Friday, February 2, 2007

Symbolism in Domestic Arts

At the most primitive level, ancient symbolism probably represented the most basic elements of human existence and these elements were reduced to the simplest of forms. Thus, a straight line would represent the earth or land and an arch, made up of two lines ascending to meet in the middle, would represent the sky or heavens. Combined, one would have the shape of the triangle, representing the sky over the earth, or heaven above earth. The triangle might represent shelter as well, in the form of a tent or cave and later, a dwelling place made of brick, wood, stone or mud. Initially, however, the triangle was a potent symbol of the marriage or synthesis of heaven and earth. To the devout, it would symbolise the protection of heaven above and for those who dwelt on earth. Ancient Egyptian art (much later than primitive rock art certainly) showed heaven in the form of a female goddess, outstretched over Earth, in the form of a male god.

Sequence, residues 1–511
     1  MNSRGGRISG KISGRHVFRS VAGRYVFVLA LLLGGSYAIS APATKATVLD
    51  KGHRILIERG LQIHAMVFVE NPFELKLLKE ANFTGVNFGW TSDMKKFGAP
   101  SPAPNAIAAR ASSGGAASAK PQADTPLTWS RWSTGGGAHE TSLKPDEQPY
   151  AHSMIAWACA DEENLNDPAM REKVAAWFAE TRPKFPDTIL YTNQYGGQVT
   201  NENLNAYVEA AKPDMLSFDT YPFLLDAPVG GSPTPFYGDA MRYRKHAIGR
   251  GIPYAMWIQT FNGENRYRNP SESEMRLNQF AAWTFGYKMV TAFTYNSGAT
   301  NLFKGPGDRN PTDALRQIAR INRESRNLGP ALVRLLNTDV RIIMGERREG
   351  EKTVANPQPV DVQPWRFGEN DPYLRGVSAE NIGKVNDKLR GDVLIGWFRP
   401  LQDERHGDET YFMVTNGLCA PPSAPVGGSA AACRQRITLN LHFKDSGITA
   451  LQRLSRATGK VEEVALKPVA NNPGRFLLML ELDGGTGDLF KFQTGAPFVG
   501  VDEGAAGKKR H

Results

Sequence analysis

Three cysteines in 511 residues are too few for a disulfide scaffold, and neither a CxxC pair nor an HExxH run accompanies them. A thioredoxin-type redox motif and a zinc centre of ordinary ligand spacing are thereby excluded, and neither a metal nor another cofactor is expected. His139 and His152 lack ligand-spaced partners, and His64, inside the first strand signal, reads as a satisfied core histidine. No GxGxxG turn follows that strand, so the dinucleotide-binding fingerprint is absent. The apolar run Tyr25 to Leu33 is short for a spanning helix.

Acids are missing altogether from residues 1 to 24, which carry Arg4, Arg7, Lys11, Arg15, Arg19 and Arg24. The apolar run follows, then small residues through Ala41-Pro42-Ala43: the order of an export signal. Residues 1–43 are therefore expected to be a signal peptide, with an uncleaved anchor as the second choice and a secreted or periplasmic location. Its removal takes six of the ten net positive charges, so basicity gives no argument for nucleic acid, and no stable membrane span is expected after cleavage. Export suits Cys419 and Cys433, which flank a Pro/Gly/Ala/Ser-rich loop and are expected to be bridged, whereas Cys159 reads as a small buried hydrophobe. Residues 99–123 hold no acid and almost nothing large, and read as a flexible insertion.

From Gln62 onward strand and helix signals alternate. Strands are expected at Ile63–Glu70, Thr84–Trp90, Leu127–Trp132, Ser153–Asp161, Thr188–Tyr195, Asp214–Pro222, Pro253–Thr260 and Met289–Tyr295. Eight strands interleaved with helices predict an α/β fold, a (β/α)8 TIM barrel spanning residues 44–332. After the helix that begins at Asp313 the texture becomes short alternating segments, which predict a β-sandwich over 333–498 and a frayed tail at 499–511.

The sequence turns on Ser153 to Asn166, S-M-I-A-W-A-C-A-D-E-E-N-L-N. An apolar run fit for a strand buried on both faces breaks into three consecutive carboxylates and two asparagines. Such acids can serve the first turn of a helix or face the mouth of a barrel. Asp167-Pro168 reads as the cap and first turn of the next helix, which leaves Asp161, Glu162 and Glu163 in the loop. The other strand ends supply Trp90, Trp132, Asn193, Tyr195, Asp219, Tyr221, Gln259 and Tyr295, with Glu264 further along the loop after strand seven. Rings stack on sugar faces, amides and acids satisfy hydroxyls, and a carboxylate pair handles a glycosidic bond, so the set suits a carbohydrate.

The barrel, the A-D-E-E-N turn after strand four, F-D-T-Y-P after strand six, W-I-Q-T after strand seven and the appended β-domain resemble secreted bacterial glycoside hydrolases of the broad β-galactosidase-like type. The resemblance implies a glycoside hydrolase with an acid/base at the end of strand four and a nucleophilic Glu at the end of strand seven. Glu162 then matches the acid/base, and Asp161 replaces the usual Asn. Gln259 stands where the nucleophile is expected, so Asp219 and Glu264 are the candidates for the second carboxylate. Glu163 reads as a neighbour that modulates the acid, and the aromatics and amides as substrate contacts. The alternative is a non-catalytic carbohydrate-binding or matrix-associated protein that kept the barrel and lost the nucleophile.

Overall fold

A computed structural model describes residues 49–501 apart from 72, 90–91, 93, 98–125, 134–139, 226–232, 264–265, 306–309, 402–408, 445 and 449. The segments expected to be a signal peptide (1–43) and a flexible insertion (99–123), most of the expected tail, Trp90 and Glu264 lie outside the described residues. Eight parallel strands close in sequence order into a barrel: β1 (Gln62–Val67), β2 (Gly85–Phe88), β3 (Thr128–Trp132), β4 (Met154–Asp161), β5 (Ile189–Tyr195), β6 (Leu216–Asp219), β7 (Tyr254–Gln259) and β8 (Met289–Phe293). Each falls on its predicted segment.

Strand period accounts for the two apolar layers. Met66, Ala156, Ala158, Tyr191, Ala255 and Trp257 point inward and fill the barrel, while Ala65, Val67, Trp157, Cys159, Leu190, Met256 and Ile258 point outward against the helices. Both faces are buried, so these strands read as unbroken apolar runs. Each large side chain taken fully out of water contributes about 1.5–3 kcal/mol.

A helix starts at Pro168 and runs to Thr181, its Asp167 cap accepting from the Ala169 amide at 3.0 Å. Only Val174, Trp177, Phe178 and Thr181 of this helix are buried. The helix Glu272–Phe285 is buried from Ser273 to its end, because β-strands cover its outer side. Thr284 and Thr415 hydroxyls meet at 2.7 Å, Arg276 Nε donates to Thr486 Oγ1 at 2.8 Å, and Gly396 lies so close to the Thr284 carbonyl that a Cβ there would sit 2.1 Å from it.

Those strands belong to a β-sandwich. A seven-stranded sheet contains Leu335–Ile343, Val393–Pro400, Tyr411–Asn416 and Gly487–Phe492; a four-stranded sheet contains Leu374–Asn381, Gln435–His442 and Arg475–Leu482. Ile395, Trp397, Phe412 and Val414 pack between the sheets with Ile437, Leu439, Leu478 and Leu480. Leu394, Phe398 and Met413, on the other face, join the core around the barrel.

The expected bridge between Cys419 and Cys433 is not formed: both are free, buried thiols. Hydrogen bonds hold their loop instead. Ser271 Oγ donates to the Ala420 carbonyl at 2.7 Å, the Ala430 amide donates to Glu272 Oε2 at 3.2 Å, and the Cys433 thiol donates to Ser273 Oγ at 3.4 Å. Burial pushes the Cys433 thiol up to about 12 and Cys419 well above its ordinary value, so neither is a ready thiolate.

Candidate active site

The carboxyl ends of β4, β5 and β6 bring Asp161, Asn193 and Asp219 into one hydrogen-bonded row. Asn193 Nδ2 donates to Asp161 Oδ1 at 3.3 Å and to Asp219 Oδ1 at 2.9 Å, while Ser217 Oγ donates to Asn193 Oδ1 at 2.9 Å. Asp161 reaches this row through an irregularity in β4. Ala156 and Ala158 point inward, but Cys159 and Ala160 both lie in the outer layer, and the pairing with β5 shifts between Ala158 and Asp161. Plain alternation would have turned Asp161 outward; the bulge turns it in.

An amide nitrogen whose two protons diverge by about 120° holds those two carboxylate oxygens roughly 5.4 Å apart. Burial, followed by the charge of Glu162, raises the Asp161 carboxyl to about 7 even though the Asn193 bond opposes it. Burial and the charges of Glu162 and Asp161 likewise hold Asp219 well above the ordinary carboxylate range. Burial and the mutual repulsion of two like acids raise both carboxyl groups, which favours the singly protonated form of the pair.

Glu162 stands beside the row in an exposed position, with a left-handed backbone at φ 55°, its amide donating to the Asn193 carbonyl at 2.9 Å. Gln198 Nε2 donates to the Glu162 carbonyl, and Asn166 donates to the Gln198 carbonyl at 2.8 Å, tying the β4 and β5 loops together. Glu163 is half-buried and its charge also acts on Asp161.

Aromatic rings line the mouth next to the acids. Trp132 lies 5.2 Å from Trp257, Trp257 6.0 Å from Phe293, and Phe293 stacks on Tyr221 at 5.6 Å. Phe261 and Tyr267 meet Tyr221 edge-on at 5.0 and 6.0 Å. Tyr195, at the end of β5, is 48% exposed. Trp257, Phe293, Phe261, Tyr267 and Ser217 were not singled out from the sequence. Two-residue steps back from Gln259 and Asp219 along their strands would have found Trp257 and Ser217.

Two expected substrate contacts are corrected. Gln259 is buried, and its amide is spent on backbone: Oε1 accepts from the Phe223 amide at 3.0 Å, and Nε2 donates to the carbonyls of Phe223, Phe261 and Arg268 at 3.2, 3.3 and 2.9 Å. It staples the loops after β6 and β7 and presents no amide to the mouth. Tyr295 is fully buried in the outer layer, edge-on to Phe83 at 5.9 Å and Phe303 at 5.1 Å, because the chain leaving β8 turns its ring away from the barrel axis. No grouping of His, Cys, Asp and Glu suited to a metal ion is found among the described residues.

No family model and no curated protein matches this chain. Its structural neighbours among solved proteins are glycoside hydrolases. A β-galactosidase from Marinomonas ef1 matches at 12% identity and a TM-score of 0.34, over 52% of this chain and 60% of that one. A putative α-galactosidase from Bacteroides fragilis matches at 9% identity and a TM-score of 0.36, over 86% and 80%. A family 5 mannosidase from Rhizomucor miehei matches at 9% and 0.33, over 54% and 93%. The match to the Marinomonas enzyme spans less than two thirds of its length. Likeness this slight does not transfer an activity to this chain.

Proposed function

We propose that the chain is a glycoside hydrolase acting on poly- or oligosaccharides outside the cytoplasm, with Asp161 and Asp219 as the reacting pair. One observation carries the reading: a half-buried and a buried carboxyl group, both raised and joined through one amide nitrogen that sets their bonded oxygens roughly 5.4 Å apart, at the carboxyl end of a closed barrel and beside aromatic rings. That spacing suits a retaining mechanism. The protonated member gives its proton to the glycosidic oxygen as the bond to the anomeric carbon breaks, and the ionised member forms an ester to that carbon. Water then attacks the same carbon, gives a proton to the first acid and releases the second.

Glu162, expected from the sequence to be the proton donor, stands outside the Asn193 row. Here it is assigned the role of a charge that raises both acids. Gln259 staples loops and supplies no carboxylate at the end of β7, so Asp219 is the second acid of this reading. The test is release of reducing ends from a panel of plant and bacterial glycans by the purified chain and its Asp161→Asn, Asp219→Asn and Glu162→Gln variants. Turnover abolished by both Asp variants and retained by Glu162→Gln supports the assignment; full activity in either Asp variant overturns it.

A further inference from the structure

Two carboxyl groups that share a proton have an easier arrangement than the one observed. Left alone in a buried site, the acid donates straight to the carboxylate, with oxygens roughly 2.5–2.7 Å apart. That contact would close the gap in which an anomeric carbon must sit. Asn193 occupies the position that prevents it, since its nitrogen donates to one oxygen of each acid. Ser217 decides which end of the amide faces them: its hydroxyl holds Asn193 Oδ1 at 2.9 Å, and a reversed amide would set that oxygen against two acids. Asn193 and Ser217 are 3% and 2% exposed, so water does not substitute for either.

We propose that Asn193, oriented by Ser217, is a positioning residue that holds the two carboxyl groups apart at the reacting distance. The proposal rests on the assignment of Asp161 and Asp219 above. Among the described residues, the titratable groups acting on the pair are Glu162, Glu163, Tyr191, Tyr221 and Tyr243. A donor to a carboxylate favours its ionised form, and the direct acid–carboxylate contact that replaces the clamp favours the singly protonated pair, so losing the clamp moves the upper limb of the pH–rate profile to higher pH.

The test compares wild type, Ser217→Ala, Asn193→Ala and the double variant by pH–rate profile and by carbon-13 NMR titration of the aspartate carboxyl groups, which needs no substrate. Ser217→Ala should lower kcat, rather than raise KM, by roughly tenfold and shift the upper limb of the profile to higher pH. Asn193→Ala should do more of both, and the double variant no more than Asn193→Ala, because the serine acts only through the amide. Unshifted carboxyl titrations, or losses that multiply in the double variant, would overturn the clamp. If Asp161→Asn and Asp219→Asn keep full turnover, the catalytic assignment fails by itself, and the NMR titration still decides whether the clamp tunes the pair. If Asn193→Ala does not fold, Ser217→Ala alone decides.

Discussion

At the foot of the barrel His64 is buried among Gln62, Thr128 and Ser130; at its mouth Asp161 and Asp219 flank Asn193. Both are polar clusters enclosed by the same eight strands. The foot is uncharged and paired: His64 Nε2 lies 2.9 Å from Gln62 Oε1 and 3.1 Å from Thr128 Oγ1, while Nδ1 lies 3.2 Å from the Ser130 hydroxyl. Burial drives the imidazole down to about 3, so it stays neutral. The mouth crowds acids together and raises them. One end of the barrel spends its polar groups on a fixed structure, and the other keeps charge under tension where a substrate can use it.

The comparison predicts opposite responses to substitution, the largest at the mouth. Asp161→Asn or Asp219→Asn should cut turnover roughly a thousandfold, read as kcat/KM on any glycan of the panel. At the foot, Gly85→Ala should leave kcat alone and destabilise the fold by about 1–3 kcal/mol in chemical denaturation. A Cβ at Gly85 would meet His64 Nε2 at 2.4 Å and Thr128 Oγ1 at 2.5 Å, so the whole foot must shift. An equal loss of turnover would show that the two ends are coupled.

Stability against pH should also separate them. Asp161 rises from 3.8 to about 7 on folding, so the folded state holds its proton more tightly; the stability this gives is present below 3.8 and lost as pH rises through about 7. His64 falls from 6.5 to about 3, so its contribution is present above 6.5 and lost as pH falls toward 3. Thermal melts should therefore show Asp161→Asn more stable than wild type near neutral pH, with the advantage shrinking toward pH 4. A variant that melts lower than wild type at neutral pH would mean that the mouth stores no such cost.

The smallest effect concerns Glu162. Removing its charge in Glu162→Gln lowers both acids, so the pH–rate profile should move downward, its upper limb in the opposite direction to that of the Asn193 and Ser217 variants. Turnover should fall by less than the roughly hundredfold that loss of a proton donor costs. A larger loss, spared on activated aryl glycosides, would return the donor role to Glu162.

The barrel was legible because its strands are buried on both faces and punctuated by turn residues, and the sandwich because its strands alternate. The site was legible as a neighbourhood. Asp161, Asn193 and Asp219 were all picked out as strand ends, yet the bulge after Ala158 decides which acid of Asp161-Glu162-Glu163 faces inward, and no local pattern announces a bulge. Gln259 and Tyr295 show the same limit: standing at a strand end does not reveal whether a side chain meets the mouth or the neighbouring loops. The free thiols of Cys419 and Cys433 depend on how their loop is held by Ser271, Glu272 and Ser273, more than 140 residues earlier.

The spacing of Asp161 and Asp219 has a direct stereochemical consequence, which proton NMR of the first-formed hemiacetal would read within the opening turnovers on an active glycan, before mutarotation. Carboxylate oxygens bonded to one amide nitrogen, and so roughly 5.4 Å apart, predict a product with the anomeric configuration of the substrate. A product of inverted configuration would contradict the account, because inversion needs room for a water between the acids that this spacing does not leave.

Early weaving, restricted to straight lines, reduced symbols to angular forms similar to those found in primitive rock paintings and carvings. Thus, straight lines symbolised Earth or land, the arch represented the sky or heaven, triangles represented the meeting of heaven and earth, tents, caves or other dwellings, and wavy lines represented water, either in the form of rain, of lightning or of waves. The sun was represented by an equal-armed cross, and the earth could be represented by a square, its corners symbolising the four quarters or directions.

All these symbols are seen in the traditional domestic arts of Palestine, and can be found in profusion in embroidery patterns worked on thobs (gowns), pillows and hangings.

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